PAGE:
Dr Naresh Dalal, Jhajjar

Medical reimbursement

The Punjab Government is paying a mere ~500 as medical reimbursement to its employees and pensioners. This amount is also subjected to income tax. It was last revised about 10 years back, with the last two pay panels not touching it. Since then, the DA has increased by more than 100%; doctor's fee three or four times and medicine cost many times. Various employees’ unions and associations have been highlighting the issue. The government must raise medical reimbursement to at least Rs 1,500 pm and exempt it from income tax.

Er Rabinder Singh Arneja, Jalandhar

Apt cartoon

The cartoon by Sandeep Joshi and its caption in the column 'In Passing', "Sir, he had come only to repair the AC, and you appointed him Chairman?!" (September 7), were superb. It aptly highlighted the politicians’ desperate attempt to please everyone on the eve of assembly elections. There is an urgent need of an effective mechanism/authority to curb squandering of public money by politicians to entice voters, forgetting that they are its trustees and not proprietors. The freebies promised by politicians before and after elections virtually bleed a state's economy irreparably.

Lalit Bhardwaj, Panchkula

Govt’s ‘to-do list’

There is a long ‘to-do list’of the Modi government, including setting up of 100 smart cities, bullet trains, IIMs and IITs in all states, cleaning and connecting national rivers, providing pucca houses for all and Rs 1 lakh insurance to every farmer.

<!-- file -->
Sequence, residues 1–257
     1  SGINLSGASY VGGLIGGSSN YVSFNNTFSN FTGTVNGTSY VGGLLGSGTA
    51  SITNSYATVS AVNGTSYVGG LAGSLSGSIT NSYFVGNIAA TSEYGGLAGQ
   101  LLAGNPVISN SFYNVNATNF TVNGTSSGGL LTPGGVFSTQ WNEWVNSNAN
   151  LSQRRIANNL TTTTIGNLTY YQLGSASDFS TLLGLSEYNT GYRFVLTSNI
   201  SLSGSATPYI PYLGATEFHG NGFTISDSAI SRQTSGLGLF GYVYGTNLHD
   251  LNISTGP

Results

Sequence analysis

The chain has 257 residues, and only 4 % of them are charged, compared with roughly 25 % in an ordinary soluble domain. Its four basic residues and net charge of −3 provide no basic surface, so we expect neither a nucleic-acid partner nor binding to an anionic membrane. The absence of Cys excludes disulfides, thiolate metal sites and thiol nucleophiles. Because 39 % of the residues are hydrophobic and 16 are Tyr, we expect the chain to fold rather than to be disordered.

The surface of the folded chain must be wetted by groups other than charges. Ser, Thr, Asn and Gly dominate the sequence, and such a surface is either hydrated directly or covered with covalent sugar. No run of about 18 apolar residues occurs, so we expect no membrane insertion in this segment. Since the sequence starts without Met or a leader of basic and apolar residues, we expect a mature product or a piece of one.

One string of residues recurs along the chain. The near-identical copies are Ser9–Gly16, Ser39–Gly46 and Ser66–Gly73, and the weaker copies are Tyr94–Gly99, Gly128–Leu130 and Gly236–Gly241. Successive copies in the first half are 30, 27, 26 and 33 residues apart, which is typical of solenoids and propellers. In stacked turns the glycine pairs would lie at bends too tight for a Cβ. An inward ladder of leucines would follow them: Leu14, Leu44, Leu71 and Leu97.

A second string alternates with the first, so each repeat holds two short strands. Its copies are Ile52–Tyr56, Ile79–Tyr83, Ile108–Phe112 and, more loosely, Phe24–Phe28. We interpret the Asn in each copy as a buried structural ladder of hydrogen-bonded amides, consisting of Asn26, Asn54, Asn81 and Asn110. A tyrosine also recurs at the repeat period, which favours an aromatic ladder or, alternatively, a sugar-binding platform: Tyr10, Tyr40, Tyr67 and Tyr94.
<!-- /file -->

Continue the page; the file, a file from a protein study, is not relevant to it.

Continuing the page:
It was Modi's appeal that turned the tide of the electorate in his favour. He reached Parliament with a huge majority given to the BJP and its allies. The government has been in a position for three months and the public can smell as to what is being cooked by this new dispensation. Of course, people can have patience to see that the prices come down and stabilise, corruption in public life reduce and inflation unemployment come down. 

But certain actions of the government such as tinkering with institutions like judiciary and planning commission and the unceremonious removal of some Governors display a covert contempt towards opposition parties. 

There is also an allegation that certain important functionaries with known integrity are being replaced with ideologues of the Sangh Parivar. Absolute majority does not mean brute display of arrogance and indignance towards the Opposition. 

Tek Chand, Una

Needed sincere men

There is no doubt that the separation of the judiciary and the legislature is important for democracy. But, it is equally important that the post of Governor needs mature men of integrity. The former Chief Justice has demonstrated good work while in office. He will no doubt do justice as Governor, too.

The country needs the services of sincere, honest and mature persons with experience.

R S Mathoda, Chandigarh

Letters to the Editor, typed in double space, should not exceed the 200-word limit. These should be cogently written and can be sent by e-mail to: Letters@tribuneindia.com